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RE: Versioning and html[5]

From: Chris Wilson <Chris.Wilson@microsoft.com>
Date: Fri, 13 Apr 2007 12:20:40 -0700
To: Lachlan Hunt <lachlan.hunt@lachy.id.au>, Mihai Sucan <mihai.sucan@gmail.com>
CC: "public-html@w3.org" <public-html@w3.org>
Message-ID: <5C276AFCCD083E4F94BD5C2DA883F05A27D7192747@tk5-exmlt-w600.wingroup.windeploy.ntdev.microsoft.com>
Lachlan Hunt [mailto:lachlan.hunt@lachy.id.au] wrote:
>> Using something like the IE conditional comments sounds good for me.
>
>No, absolutely not!  Do not force authors to use UA-specific opt-ins
>like conditional comments just to get the most standards compliant
>behaviour.

Great!  Then leave a version number on the identifier for HTML, because I've clearly stated long-term, that is how we will get away from UA-specific opt-ins for "best standards compliance".

><!DOCTYPE html> should trigger the same standards mode as existing
>DOCTYPEs, and that should always be the most standards compliant mode.

No.  Web developers don't write to some abstract understanding of the standard- they write to an implementation.  If "the standard" (and remember the current standard in place is probably IE6/7 behavior) changes with no version switch, their pages break.  If an implementation suddenly changes behavior, they're also broken.

>Authors that use such DOCTYPEs have already implicitly opted in to the
>latest standard, don't force them to keep changing that opt-in method ad
>infinitum.

At a high level, for IE there can be no content that just gets automatically opted in to the "new behavior", if we are changing anything but crashes, hangs and security problems.

>Chris Wilson seems to have the fallacious notion Firefox, Opera, Safari
>and other browsers can implement the HTML5 spec and be compatible with
>the web, yet IE can't implement the *same* spec without significantly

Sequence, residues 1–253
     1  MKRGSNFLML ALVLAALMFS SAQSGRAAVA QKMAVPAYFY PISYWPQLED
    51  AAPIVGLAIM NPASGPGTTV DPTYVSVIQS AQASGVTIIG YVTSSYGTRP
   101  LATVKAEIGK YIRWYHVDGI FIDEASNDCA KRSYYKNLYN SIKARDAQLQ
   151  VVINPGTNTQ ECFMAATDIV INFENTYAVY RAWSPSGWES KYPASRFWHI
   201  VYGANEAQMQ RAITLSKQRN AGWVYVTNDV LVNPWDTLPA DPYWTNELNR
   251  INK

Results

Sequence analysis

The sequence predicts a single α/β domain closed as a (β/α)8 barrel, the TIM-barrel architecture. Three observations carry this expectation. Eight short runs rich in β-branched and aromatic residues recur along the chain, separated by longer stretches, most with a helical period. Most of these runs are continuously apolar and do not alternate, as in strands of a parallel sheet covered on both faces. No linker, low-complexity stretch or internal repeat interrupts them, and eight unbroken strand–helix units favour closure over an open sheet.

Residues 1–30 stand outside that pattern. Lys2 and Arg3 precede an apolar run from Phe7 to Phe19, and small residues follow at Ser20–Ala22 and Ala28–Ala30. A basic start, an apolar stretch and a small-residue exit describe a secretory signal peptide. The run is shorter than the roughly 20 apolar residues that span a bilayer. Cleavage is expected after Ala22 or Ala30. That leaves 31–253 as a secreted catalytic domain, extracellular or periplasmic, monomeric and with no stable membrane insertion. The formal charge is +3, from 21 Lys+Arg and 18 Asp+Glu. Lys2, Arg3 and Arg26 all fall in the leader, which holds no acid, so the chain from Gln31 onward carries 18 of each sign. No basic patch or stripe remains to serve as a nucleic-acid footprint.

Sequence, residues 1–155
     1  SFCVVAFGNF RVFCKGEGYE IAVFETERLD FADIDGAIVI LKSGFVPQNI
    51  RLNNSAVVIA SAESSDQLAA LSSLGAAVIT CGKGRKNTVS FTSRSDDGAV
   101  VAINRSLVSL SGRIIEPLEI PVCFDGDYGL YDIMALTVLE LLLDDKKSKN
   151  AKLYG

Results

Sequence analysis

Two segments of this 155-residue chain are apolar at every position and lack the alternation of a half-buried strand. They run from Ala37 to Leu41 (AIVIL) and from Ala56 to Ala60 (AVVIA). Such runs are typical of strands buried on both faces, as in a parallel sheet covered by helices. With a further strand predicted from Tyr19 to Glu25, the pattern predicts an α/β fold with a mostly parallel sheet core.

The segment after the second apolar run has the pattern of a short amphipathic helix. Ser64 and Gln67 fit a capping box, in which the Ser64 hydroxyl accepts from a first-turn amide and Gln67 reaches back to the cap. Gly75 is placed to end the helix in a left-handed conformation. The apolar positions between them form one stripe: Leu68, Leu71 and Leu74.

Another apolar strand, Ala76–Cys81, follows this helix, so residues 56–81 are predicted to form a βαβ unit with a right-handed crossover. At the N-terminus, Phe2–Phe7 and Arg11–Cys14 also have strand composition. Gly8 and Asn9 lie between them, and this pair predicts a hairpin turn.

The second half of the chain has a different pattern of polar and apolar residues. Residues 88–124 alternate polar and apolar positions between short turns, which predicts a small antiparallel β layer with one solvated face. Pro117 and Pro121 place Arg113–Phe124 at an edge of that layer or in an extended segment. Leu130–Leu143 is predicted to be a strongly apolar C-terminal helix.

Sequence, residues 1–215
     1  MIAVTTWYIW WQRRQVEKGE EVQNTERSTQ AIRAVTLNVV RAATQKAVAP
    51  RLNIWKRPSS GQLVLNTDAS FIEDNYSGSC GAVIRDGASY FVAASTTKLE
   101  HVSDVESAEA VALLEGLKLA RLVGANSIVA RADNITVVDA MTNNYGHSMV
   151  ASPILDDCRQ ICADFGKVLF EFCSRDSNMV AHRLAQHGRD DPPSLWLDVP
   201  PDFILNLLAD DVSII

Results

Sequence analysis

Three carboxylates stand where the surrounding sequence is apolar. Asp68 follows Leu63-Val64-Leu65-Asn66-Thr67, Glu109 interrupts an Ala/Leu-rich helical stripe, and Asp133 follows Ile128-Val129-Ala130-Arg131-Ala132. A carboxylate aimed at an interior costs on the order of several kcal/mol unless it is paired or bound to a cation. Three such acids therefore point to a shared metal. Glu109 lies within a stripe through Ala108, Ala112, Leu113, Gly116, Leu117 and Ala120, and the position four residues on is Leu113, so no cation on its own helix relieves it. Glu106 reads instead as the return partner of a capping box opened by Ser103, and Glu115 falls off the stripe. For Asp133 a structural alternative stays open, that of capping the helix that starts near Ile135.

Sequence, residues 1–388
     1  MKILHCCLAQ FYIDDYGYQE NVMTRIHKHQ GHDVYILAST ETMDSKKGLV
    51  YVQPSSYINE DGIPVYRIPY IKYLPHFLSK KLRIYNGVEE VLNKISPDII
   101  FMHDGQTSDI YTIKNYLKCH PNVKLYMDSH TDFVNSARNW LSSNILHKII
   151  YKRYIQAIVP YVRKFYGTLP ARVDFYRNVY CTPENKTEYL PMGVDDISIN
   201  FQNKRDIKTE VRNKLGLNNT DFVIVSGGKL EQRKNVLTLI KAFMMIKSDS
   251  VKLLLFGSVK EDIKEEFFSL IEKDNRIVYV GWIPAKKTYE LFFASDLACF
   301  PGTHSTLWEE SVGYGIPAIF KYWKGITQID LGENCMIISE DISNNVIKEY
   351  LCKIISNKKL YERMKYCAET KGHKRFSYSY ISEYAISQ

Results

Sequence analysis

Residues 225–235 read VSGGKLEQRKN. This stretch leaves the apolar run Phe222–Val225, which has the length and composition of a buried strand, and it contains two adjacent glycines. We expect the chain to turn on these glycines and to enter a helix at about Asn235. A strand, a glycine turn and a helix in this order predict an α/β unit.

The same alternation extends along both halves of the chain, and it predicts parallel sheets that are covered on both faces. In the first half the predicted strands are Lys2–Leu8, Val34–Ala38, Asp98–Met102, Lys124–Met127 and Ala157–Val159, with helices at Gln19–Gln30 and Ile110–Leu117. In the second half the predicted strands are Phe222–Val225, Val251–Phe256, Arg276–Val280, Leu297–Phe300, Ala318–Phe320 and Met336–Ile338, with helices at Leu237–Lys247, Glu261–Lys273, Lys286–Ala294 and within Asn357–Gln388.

>breaking it.  That is just completely illogical.

I'm trying hard not to resent your implication that I am crazy and/or stupid.  I would highlight again what I started this thread with - I have a different view of the world.  One that is rooted in being the most-adopted browser, the most-relied-on-to-be-compatible browser.  Remember that damn near every complex page on the web today DOES use UA switching or CSS hacks or some other form of opt-in, for IE the most but for other browsers too, despite the running sentiment from a contingent here that it just shouldn't be so.

They expect US to be compatible with IE6/7 behavior.  They may or may not expect Safari to be compatible with it; Safari may or may not care, as Maciej eloquently stated, as their compatibility philosophy is different from ours.  I don't claim theirs is wrong, I do claim Microsoft's is valid.

>As as been stated many times in this thread (though, it clearly bears
>repeating since Chris doesn't seem to understand):
>
>   *if something in the spec can't be implemented without
>    breaking compatibility, we should fix the spec!*

Then your spec is a binary copy of IE7.  Or IE6, if you prefer.  Start with all the reasons that's a bad idea.  Remember that WE (Microsoft) get sued if we disrupt businesses.

Look, I'm not trying to force you all to live in my point of view.  It IS necessary that you understand it, and it is necessary that the standard take it in to account.

-Chris

Received on Friday, 13 April 2007 19:20:55 UTC

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